Health Conditions Connected to Adrenal Health

Because the adrenal glands secrete compounds that regulate a variety of complex tasks, their proper functioning is critical. Any changes to the adrenal glands, or other components of the HPA axis, can have rippling effects throughout the body, including chronic stress, resulting in elevated cortisol levels and HPA axis hyperactivation.

The adrenal glands are especially critical to healthy mood, sleep, and stress regulation, primarily through the HPA axis. For example, the HPA axis and the chemicals it produces regulate the sleep-wake cycle.4 Disrupted sleep or excessive stress can lead to hyperactivation of the HPA axis, resulting in increased levels of glucocorticoids. Elevated glucocorticoids can cause dysfunction throughout the body, altering metabolism and contributing to disease risk.4 Similarly, anxiety can activate the HPA axis to stimulate cortisol release to help the body adapt, but improper or chronic activation can lead to exhaustion and fatigue, poor sleep, and brain fog. Adrenal insufficiency, also called Addison’s disease, can show up as a variety of psychological signs including anxiety.5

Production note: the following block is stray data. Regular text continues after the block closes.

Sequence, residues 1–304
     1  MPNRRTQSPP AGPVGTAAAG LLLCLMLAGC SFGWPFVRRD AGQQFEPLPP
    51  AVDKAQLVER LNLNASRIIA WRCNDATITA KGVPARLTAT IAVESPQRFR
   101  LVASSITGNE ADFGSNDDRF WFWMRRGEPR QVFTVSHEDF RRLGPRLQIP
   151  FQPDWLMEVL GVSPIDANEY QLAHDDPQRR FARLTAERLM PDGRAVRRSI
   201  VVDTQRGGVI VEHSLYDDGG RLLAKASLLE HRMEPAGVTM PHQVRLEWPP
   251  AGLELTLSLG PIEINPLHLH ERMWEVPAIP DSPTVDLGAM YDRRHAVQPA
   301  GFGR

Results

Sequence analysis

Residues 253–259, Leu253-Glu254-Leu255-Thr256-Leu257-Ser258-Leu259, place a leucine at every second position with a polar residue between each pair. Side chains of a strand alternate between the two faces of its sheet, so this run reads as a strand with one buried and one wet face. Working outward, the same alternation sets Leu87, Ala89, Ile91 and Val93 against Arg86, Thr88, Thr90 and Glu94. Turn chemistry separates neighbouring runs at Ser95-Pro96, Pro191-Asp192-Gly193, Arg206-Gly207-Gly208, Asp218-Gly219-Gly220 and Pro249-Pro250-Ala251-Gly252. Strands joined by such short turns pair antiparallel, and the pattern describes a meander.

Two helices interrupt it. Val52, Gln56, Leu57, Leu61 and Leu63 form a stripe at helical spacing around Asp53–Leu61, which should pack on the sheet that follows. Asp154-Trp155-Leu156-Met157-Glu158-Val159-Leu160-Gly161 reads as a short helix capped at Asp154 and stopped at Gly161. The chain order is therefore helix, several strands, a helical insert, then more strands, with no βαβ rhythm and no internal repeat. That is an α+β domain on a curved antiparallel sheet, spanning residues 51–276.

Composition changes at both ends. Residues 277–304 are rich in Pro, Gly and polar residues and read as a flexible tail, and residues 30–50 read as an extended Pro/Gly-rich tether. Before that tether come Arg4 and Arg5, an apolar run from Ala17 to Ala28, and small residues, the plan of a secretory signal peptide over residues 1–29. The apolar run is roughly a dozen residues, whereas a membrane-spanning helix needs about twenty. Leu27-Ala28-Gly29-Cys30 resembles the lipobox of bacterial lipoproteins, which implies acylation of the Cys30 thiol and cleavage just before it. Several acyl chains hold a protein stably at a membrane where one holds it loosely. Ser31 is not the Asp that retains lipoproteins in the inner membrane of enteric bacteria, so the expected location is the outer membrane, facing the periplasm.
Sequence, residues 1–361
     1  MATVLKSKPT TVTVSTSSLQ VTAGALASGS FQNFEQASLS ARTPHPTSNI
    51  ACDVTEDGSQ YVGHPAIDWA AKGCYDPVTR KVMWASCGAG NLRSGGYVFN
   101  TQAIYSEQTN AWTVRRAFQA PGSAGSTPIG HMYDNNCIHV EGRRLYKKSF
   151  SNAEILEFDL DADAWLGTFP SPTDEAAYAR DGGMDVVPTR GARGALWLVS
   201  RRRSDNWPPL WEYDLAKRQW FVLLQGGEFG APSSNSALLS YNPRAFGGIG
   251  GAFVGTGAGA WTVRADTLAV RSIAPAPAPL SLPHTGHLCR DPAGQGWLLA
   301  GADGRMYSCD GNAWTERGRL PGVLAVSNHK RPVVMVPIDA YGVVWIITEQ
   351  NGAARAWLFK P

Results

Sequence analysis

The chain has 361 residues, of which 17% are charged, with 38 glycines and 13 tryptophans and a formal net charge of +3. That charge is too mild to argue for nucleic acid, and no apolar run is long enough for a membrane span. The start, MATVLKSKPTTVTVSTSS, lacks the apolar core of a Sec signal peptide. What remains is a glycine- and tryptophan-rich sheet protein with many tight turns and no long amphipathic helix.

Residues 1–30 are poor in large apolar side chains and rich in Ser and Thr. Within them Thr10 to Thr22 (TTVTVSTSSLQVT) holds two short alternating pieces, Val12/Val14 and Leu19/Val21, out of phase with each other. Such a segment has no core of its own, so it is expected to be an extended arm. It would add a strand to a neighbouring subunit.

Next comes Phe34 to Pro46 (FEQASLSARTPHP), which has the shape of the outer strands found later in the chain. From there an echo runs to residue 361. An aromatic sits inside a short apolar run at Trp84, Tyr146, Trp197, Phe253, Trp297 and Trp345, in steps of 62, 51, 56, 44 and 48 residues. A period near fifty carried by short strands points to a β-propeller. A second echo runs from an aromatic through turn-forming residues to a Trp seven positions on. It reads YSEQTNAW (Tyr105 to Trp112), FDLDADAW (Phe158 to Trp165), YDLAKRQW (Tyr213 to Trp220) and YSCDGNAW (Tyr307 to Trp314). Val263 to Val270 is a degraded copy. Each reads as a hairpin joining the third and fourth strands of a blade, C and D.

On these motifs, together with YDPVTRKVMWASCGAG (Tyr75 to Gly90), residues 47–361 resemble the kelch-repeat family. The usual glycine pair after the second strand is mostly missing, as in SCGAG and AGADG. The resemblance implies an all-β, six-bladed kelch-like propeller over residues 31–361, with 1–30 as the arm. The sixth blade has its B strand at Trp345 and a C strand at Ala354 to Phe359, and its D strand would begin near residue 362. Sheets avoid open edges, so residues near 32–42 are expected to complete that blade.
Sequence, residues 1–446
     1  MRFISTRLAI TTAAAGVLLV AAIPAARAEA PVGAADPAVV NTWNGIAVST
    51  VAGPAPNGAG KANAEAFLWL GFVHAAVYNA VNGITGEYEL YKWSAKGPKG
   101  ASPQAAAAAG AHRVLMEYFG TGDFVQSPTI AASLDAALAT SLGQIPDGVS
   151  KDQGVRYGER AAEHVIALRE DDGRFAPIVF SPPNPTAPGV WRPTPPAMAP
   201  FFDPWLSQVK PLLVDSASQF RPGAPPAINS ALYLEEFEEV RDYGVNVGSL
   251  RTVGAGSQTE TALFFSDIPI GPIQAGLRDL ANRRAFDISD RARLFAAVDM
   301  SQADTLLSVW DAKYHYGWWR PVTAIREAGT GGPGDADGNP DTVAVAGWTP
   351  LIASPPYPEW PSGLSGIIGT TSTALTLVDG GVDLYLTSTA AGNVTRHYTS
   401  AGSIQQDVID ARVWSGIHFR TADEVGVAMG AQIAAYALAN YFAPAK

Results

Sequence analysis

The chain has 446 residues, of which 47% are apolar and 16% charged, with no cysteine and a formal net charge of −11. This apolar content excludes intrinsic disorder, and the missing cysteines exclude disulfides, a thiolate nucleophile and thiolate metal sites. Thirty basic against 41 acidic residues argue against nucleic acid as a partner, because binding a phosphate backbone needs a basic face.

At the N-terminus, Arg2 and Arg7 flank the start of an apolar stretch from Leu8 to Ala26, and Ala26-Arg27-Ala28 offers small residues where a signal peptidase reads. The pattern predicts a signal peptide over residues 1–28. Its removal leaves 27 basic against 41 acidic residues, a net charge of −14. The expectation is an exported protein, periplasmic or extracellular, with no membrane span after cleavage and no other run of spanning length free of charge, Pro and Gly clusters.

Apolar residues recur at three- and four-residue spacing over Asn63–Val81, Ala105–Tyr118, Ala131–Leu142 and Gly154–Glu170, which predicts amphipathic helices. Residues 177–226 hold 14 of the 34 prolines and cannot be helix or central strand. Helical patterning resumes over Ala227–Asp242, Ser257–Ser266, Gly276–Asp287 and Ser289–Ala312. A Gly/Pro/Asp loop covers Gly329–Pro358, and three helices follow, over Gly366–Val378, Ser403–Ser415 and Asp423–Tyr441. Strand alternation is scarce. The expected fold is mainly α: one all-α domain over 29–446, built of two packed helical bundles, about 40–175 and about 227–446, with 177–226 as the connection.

Nutrients that Support Adrenal Glands

Several micronutrients support adrenal function, both directly (modulating parts of the HPA axis) and indirectly (positively regulating sleep, stress, and mood).

Vitamins C and A

Vitamin C is a necessary cofactor in catecholamine synthesis and can also normalize cortisol levels during stress.6,7 Vitamin A, specifically retinoic acid, may influence adrenal gland physiology, including interacting with glucocorticoid signaling.8 Retinoids from vitamin A are also important for the hypothalamus and pituitary glands, as demonstrated by a preclinical study that found vitamin A deficiency resulted in increased HPA axis activity but a delayed cortisol response, possibly due to the ability of vitamin A to modulate cortisol receptor expression.8,9 Adequate intake of vitamin C and A will supply the adrenal glands and HPA axis with required cofactors and signaling molecules needed to carry out their functions.